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Brophy Roundup

The Student News Site of Brophy College Preparatory

Brophy Roundup

The Student News Site of Brophy College Preparatory

Brophy Roundup

Brophy should be coed
Brophy should be coed
February 28, 2024
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Random reigns supreme on Internet with off-the-wall memes

By Alex Pearl ’10

Pop culture is an infectious thing.

Like the flu or humanity according to Hugo Weaving, pop culture will surge its way through any adaptive mass capable of regular access by the general first-world population.

Such is true with the Internet. While it is also a host for external pop culture like television and movie stars, media, literature and news about all three, it has also proved capable of developing a popular culture of its own.

Unfortunately for the Internet, this culture in question is nonsensical on one end of the spectrum, and terrifying on the other.

For example, most Internet-goers are familiar with Lolcats (pronounced “lawl-katz”), a Photoshopped picture of a cat or a kitten that is almost always accompanied by a misspelled or grammatically erroneous caption such as “i can haz cheezburger?” or “protecting internets… WITH MAH LAZOR!!!” This can be considered relatively tame as far as Internet fare is concerned.

Lolcats are a part of an Internet culture that seems to revere randomness. This culture may extend to the boundaries of nerdiness, or cruelty, but the root of most Internet humor – and, therefore, random culture – is found in off-the-wall bits called “memes.”

A meme is a commonly-occurring trend on the Internet, or at least a trend that has occurred and been approved by the general populace most often on several occasions.

These memes can consist of edited pictures, but can also be quips or non-sequiturs found on message boards and forums.

There are several trends to memes: The first is that caps-lock is the “cruise control for cool.” In more or less words, this means that all-capital letters, which are the Internet equivalent of screaming your face off, are one of the primary keys to opening the door of funny.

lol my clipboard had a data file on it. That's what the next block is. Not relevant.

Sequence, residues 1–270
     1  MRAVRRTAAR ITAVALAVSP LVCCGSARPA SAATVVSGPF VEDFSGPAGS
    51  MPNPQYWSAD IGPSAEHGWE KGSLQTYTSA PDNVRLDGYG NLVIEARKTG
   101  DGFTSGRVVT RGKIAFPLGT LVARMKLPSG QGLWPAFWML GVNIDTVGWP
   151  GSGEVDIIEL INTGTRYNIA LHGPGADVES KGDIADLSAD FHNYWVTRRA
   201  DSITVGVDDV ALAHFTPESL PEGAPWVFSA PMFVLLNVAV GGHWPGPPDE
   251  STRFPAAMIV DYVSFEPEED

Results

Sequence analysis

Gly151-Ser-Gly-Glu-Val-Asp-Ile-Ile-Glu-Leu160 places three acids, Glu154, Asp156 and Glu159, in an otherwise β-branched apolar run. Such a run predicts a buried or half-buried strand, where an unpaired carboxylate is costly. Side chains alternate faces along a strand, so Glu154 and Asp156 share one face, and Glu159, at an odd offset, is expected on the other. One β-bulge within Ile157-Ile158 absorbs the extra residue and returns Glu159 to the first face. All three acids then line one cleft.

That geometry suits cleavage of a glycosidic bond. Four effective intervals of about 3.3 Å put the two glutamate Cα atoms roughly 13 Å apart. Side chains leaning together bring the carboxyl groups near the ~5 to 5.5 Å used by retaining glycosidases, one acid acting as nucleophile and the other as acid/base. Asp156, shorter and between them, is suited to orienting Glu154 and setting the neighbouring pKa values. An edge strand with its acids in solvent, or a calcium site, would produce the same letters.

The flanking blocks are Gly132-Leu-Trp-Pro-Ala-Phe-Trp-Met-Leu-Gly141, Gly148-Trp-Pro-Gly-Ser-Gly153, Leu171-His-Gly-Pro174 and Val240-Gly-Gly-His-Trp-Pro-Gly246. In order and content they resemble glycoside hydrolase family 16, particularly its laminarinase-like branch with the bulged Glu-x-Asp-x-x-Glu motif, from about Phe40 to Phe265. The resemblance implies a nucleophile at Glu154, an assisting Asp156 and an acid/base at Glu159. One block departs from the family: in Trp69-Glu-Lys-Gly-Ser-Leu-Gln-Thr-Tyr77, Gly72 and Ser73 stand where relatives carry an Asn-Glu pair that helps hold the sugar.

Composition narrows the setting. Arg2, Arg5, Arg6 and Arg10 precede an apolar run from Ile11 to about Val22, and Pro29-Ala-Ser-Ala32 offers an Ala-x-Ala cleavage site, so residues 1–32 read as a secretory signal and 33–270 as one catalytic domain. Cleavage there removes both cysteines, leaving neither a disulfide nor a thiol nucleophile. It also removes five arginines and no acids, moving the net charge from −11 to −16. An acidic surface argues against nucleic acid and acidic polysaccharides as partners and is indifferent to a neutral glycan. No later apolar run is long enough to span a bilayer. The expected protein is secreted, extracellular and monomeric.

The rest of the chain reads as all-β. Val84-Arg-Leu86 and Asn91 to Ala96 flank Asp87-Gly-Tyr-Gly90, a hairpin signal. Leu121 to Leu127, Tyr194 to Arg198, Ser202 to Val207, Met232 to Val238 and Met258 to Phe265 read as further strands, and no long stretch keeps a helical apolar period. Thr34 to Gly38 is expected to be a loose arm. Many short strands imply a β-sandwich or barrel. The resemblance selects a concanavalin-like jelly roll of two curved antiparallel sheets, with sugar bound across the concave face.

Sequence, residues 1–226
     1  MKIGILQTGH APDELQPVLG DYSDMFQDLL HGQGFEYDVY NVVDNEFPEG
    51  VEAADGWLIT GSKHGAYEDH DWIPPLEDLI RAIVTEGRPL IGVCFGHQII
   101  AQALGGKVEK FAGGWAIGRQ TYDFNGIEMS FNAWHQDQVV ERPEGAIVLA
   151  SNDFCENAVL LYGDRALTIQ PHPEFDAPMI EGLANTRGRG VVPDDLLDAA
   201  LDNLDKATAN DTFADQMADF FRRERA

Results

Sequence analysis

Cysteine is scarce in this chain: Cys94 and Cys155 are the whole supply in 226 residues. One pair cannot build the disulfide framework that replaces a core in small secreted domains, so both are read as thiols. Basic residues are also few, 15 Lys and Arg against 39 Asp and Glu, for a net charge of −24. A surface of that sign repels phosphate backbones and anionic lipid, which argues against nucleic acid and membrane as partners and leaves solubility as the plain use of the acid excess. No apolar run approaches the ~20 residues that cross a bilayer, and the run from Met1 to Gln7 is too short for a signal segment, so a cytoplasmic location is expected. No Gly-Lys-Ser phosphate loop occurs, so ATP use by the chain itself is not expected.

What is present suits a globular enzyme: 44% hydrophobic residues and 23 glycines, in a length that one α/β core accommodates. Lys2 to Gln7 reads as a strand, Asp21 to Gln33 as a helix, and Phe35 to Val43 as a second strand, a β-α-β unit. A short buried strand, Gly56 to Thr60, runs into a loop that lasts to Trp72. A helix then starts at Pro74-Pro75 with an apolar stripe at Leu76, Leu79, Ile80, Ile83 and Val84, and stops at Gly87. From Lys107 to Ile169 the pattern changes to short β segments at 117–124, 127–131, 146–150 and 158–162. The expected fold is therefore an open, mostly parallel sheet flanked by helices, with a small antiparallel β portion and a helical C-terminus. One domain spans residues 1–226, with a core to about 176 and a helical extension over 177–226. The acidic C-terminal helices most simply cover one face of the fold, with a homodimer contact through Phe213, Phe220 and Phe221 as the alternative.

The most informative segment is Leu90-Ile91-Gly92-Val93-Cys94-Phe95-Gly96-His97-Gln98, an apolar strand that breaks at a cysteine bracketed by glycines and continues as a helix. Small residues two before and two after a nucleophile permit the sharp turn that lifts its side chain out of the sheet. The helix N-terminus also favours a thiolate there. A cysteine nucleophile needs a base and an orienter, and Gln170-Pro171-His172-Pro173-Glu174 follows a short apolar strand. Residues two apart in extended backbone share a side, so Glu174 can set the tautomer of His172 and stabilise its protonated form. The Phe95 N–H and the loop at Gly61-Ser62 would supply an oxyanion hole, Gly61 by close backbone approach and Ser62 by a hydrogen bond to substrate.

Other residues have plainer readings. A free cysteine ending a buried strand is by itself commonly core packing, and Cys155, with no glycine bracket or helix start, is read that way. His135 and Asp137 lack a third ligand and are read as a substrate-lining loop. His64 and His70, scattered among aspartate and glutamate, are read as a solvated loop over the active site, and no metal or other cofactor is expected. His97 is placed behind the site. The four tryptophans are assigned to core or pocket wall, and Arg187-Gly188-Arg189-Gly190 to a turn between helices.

The second rule is that the less punctuation there is in a meme, the funnier it is.

In a meme, commas and colons interrupt flow, and a sentence ending without an exclamation point or a period make the statement in a meme seem more abrupt or frantic.

For example, a picture of a dog wearing a Roman legionnaire’s hat and capital letters (notice: capital letters) reading “STOP RIGHT THERE CRIMINAL SCUM” is much more haphazard and unpredictable-sounding than a simple “Stop right there, criminal scum!”

There are many other lesser rules, including the rampant use of swearing, adorable animals, poor quality drawings, insensitivity verging on cruelty, cruelty, ugly animals, other memes, and/or pop-culture references, but the two regarding “Internet syntax” are the most commonly shared among memes.

How can one be a part of Internet pop culture, if it’s so accessible but so erratic? If memes are viewed by a practiced and learned eye, they can become “randomly predictable” over time.

While making some memes unsurprising and unentertaining, this also demonstrates a level of knowledge that may allow an individual to create their own memes, which can be posted on various message boards to accrue renown.

After all, a person who listens to experienced orators all his life picks up a thing or two about speaking.  Knowledge about randomness is gained through observation of randomness, and in time the layman can become a strange, hilarious Internet god.

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